i am pleased to say i have a chapter in the end of theology: shaping theology for the sake of mission. the chapter was originally presented at a conference exploring the relationship between theology and mission. as you can guess from the title of my chapter pioneering mission for the church's theology, i reflect on the importance of the practice of mission for doing theology rather than seeing it as something somehow either prior to or abstracted from mission. i also use it as an opportunity to reflect on what we have been learning about teaching mission and theology in the pioneer training at cms. the book is a collection of essays from a range of writers such as pete ward, kirsteen kim, michael goheen and is edited by jason sexton and paul weston. it is good to see this sort of conversation taking place and it is fun to be part of it. if i may i'll quote myself in the chapter to give you the gist - apologies if that seems like the act of an egotistical maniac - it's not meant to be!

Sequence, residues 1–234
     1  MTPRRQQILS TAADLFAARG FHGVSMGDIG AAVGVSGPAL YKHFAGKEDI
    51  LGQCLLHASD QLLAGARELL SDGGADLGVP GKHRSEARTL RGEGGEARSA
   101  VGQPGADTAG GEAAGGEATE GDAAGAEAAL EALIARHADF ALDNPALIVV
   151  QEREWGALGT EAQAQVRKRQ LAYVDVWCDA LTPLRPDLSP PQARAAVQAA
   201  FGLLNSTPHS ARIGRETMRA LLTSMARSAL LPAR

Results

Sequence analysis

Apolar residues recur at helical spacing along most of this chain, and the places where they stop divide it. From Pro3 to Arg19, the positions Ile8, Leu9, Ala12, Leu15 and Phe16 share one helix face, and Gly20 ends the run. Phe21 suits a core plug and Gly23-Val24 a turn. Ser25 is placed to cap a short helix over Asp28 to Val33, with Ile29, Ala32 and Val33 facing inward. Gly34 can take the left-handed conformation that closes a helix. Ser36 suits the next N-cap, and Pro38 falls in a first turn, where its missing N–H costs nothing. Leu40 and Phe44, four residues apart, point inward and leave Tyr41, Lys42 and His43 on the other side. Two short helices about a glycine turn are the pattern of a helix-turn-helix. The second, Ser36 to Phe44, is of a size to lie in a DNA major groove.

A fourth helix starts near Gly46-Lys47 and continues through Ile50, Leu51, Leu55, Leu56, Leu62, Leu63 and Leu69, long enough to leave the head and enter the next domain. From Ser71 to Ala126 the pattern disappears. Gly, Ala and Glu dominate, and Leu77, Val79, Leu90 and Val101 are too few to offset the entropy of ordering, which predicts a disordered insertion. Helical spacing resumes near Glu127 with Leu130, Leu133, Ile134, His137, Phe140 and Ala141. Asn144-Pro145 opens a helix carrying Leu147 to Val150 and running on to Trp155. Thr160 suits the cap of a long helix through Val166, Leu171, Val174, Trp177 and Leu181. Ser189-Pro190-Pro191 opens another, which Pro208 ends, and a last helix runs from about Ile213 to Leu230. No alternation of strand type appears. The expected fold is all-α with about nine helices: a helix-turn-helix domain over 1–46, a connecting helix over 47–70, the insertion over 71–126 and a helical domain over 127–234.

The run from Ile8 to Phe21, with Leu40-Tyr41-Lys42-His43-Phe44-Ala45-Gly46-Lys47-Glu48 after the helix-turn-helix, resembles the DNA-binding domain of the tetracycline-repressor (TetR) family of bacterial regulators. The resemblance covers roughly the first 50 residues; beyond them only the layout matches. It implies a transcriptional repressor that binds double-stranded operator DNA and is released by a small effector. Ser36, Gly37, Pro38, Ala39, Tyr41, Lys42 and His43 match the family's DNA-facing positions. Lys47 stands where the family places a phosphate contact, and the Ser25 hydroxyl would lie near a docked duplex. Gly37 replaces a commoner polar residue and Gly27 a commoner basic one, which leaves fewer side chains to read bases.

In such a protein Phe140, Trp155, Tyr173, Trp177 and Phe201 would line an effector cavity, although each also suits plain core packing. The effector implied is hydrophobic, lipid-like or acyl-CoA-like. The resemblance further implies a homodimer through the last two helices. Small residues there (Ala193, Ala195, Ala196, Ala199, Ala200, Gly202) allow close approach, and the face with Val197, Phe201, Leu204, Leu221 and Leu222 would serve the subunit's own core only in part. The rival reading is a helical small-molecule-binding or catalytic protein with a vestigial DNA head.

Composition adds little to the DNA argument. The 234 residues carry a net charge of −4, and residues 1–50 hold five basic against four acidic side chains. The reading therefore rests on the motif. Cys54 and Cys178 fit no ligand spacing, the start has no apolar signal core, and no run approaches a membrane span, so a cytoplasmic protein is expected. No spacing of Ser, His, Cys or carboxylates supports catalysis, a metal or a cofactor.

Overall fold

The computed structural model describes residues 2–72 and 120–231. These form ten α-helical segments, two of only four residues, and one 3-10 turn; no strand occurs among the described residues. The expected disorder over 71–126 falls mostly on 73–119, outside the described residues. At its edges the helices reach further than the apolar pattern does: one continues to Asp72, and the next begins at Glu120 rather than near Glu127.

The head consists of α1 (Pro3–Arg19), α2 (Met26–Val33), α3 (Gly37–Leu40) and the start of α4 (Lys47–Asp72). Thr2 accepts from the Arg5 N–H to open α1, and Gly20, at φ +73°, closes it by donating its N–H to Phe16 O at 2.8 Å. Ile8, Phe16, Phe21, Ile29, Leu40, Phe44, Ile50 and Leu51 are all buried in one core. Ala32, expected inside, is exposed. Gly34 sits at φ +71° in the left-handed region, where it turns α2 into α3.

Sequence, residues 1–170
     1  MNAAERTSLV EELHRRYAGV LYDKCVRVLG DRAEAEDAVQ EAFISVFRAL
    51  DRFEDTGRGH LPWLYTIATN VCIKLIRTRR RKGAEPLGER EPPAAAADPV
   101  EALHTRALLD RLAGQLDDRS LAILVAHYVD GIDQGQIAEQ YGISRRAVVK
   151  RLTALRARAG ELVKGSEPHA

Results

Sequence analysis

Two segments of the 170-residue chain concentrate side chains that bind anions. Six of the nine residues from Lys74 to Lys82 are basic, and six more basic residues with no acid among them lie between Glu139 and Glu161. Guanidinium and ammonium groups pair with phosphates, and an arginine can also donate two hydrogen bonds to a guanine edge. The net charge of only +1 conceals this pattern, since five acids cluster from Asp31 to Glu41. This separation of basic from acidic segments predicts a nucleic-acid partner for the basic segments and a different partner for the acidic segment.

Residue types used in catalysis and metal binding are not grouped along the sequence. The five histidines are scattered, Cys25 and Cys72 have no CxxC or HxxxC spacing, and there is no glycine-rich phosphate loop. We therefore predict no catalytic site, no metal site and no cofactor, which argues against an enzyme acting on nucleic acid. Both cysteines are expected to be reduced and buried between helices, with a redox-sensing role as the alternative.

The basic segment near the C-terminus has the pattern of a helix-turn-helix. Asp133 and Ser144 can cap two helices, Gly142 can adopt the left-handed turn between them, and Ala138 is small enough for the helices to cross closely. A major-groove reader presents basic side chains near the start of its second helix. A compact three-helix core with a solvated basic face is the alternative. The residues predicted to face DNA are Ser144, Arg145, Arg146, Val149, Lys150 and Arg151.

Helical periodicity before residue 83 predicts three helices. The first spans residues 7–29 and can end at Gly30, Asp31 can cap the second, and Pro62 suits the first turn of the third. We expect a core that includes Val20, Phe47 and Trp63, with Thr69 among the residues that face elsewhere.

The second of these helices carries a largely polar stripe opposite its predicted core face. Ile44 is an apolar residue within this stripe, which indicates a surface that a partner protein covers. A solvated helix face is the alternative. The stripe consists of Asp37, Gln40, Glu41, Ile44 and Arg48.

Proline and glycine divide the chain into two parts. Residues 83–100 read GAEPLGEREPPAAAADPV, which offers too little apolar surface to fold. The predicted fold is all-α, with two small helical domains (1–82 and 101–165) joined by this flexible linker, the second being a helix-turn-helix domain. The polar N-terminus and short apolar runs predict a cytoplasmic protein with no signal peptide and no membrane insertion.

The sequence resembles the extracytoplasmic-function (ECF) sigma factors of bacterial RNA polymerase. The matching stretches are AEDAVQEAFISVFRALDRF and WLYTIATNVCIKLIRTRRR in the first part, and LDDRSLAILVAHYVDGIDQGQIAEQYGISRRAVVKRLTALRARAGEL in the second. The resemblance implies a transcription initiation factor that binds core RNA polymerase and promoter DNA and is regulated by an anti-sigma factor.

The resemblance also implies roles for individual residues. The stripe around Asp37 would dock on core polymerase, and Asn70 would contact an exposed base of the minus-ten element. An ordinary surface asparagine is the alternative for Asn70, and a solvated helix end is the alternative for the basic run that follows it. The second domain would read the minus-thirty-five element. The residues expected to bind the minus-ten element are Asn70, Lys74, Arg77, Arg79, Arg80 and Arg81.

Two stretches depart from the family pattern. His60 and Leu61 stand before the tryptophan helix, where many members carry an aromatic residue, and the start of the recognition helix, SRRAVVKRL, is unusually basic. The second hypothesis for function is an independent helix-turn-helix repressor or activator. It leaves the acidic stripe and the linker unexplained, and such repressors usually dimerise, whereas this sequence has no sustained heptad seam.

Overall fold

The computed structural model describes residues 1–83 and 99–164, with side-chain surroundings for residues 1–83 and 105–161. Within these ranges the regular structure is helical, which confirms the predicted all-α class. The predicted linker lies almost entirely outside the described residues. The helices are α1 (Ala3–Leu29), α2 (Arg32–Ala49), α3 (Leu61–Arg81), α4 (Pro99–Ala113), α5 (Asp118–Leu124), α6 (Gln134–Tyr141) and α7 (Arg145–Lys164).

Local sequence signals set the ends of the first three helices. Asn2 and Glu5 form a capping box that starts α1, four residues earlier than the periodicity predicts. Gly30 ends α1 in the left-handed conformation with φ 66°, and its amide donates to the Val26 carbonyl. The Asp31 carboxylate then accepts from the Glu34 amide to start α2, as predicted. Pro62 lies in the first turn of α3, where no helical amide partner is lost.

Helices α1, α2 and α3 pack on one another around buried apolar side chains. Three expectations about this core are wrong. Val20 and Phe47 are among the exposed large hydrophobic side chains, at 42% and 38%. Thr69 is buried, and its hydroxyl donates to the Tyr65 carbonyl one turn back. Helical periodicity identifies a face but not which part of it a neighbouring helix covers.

The title of the gathering at which the papers in this book were presented was "Doing Theology for the Church's Mission", but this is problematic. It seems to assume somehow that the thinking part comes first, and then the church's ministry, mission and practice will change. I am highly suspicious of this way of orienting the conversation. In my experience all the best theology comes out of practice, out of real questions arising from mission or ministry on the ground, not as something that is worked out in the academy and then banked up for dealing with mission later on. That is why I called my paper at the conference "Doing Mission for the Church's Theology"